I got that far and decided I wasn't going to spend any more time looking into the claims as presented in the link and flagged it.
They just if you comment nothing else, it's OK to mention it as an aside to a more useful comment.
While in the United States it sounds alarmist to think of this all as a system of organized, police-mandated shakedowns, that's very common here. In 4 out of 5 times I hear folks get pulled over by cops, the driver had to pay a bribe. Police regularly go to businesses demanding regular payments else they shut down the companies.
I wouldn't have give this a second thought before, but after living here, I see what its like living under degraded institutions.
Also they (Indians) say "if you see a dead body don't call the police, you will end up in prison for murder"
and if you time, a detailed report which is 186 pages of PDF http://ij.org/wp-content/uploads/2015/11/policing-for-profit...
There was a post some time back about some new building and equipment a Florida PD built with their stolen money.
Before you can change reality you must first understand the reality that exists.
Police steal and murder without consequence. They are a gang of murderous thugs protected by a corrupt court and legislative body.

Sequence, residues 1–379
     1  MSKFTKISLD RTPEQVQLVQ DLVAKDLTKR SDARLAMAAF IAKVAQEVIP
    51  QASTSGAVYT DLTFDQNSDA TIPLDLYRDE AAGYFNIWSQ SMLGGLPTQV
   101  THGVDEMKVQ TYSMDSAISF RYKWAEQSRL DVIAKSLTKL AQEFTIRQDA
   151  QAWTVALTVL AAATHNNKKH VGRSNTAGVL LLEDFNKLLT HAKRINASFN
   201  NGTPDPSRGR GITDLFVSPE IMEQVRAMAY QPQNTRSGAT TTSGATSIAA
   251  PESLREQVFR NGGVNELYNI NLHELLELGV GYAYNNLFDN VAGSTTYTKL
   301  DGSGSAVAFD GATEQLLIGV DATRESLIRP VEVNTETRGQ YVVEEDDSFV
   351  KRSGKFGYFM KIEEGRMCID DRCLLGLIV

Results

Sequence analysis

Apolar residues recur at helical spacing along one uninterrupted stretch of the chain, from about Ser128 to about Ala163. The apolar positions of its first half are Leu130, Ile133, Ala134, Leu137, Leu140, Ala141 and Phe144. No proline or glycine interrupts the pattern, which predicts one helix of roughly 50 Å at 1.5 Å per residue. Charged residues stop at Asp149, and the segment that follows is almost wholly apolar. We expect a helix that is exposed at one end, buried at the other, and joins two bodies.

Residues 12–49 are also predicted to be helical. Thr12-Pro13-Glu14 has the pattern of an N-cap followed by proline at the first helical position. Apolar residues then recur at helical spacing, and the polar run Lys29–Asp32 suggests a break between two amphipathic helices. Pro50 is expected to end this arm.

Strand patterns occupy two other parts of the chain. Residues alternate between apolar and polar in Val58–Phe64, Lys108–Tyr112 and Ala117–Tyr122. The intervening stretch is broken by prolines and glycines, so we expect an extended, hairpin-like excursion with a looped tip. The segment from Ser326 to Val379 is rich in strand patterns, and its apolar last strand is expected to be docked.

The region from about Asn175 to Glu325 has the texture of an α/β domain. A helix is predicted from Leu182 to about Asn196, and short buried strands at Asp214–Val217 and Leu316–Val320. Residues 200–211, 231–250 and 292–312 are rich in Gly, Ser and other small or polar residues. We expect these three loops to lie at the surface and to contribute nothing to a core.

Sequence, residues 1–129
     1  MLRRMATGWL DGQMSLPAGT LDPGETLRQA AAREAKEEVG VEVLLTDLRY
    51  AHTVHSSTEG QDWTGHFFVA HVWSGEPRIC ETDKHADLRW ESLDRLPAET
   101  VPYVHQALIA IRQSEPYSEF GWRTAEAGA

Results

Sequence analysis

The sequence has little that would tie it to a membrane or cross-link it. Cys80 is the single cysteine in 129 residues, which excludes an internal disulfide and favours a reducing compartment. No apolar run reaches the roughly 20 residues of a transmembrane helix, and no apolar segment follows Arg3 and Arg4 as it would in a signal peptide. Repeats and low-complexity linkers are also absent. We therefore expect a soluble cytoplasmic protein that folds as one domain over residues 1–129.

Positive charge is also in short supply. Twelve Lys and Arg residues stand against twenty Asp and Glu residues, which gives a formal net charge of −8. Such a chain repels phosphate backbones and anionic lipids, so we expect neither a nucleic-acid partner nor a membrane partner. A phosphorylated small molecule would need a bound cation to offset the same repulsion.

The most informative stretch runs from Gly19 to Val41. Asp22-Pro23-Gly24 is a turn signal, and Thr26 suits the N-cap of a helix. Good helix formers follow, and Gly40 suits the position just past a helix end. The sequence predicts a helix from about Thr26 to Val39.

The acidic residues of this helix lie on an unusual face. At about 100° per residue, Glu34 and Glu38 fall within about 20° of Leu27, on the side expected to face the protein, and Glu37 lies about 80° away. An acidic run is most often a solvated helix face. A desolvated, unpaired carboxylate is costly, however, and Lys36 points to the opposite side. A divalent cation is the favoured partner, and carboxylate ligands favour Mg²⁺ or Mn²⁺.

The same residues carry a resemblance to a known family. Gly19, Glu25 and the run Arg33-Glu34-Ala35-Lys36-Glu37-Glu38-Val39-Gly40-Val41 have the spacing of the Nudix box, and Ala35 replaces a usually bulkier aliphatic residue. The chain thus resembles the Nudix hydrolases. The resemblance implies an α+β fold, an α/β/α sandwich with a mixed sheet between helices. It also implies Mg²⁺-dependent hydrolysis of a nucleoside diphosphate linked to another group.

http://www.thecrimereport.org/news/crime-and-justice-news/20... -- Linked from the link.
This is the amazing thing about the government provided judicial system-- for many crimes, instead of making the victim whole, the "justice" system instead profits via fines, or denies the victim justice by incarcerating the criminal.
Which would be better for, say, a person convicted of stealing a car and then wrecking it-- going to jail for 5 years or paying the owner of the car 5 times its retail value (over the next 10 years)?
The "justice" system will put him in jail, making it effectively impossible for him to repay his victim and make the victim whole.
Whether this supports an argument for a police state or not, it certainly supports an argument for corruption-- denying victims compensation and taking it for yourself (in the form of fines, or more bodies for the prison industrial complex which pays you back in campaign donations) is corruption.
It also seems it was paid by JP Morgan.
Money seized in drug busts: http://www.npr.org/templates/story/story.php?storyId=9149048...